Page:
This circuit, following Custis, recently withdrew its original Davis decision, and ruled that § 851(e)'s provisions are constitutional. United States v. Davis, 36 F.3d 1424, 1438-39 (9th Cir. 1994). Therefore, because Ingram does not allege that his 1982 conviction is invalid for lack of having counsel appointed for him, he has no constitutional right to attack the 1982 conviction.

Ingram presents another argument that the district court erred in relying on the 1982 conviction, however. After Ingram was indicted in federal court and became aware that the government would attempt to rely on the 1982 conviction, Ingram went back to Kern County Superior Court, the court that convicted him in 1982, and moved that his case be reopened and his conviction be stricken. The Kern County Superior Court, Judge Rebecca A. Wiseman, reopened Ingram's case on July 7, 1992, and granted Ingram's motion to strike the prior conviction. Thus, at the time Ingram was sentenced in federal court in October 1992, the 1982 conviction had been declared invalid by the court of conviction. Ingram contends that the district court erred in relying on this invalid conviction and that § 851(e) does not preclude Ingram from showing the court that the conviction has been invalidated. We agree.

At issue is whether the phrase "challenge the validity" in § 851(e) includes a showing that a prior conviction has been invalidated in a proceeding in state court. Ordinarily, Ingram could make such a showing under § 851(c)(1), which allows defendants to "claim[ ] that any conviction alleged is invalid." However, if § 851(e), which bars any "challenge [to] the validity" of a five-year-old conviction, precludes such a showing, then the district court did not err. On the other hand, if "challenge the validity" does not include a simple showing that a prior conviction has been invalidated in a state court proceeding, then the district court erred in failing to accept Ingram's showing, and Ingram's sentence should be vacated.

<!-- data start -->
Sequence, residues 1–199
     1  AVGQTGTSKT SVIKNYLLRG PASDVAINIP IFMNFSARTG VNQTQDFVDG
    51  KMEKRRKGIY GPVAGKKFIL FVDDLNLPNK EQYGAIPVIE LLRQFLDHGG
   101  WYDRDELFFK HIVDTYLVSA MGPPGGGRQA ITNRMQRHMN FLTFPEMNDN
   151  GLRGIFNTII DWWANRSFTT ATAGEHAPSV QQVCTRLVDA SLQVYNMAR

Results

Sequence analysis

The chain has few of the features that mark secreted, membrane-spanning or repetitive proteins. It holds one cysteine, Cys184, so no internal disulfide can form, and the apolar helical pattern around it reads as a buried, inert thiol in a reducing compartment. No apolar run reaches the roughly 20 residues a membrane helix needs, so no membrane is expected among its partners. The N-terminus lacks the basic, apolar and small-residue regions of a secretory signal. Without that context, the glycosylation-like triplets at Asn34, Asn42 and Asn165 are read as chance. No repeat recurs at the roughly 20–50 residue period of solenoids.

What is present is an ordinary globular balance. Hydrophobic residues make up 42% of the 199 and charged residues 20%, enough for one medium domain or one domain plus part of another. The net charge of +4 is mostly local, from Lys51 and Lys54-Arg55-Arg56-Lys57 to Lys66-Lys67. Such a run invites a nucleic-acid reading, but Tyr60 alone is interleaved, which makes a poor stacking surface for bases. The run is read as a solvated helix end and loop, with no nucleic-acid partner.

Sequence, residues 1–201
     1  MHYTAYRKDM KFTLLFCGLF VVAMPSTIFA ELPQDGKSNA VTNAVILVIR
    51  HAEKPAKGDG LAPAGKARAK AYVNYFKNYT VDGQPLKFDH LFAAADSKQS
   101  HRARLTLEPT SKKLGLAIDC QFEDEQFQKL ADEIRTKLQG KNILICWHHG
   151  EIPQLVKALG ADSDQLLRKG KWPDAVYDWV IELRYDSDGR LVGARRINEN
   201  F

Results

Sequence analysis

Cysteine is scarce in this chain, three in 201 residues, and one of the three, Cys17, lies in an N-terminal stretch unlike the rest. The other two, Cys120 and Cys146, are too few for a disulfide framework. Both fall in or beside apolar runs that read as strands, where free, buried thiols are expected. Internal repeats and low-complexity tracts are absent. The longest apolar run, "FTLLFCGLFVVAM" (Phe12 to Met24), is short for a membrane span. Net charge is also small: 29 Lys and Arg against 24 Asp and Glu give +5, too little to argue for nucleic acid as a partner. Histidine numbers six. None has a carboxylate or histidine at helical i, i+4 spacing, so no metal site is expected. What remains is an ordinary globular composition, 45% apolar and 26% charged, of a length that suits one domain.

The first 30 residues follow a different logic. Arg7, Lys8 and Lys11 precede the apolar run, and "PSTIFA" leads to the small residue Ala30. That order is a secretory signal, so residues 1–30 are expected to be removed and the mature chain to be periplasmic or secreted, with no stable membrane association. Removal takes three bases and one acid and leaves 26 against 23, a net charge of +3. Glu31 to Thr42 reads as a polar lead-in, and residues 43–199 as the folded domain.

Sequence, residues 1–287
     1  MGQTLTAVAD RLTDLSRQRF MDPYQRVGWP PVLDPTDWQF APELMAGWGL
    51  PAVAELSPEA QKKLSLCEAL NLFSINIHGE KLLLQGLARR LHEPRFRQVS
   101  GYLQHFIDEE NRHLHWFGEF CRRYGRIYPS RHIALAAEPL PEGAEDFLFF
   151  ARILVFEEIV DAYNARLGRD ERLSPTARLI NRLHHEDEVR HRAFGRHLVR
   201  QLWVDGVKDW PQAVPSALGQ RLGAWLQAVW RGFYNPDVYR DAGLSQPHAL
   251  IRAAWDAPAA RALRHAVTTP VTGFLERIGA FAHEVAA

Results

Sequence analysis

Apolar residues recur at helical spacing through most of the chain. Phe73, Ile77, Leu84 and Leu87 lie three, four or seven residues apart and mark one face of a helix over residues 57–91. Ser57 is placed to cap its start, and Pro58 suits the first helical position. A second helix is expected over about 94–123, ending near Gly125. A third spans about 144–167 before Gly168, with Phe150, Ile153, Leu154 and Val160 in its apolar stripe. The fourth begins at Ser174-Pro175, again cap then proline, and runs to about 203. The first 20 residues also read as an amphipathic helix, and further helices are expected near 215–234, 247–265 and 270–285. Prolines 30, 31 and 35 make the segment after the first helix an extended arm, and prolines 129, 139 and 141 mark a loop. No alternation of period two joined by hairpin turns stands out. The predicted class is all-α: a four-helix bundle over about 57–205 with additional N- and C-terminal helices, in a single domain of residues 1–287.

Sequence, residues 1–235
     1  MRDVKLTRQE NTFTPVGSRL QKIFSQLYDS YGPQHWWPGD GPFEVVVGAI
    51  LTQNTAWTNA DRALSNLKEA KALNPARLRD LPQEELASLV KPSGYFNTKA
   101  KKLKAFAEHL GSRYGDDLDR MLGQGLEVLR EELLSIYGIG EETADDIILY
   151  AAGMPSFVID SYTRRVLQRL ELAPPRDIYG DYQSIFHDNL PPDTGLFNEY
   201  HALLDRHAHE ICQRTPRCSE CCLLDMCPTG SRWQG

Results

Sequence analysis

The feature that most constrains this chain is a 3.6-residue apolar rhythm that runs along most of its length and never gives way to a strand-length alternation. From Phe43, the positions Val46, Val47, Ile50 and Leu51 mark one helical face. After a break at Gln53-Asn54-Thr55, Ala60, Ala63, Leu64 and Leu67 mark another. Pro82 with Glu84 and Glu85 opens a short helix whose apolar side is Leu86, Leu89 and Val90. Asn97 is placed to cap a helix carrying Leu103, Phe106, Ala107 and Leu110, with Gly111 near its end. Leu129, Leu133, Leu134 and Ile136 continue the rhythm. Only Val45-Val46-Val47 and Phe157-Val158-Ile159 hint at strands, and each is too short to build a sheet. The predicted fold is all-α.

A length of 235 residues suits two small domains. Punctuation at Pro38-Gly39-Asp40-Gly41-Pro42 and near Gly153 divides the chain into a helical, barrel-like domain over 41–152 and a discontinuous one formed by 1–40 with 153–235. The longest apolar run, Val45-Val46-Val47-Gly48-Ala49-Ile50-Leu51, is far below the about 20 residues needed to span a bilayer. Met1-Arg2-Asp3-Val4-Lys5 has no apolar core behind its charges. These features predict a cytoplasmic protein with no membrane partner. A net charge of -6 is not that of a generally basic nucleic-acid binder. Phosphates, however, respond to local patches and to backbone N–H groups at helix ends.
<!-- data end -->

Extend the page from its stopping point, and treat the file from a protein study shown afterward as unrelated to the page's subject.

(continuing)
Though we have found no case law on point on this question, we are persuaded by several reasons that "challenge the validity" does not include the type of showing Ingram attempted. First, after Ingram's conviction was invalidated by the Kern County Superior Court, Ingram's 1982 conviction had no "validity" that could be challenged. The court that convicted Ingram struck the conviction. Thus, any challenge in federal court to the validity of that conviction would have been moot.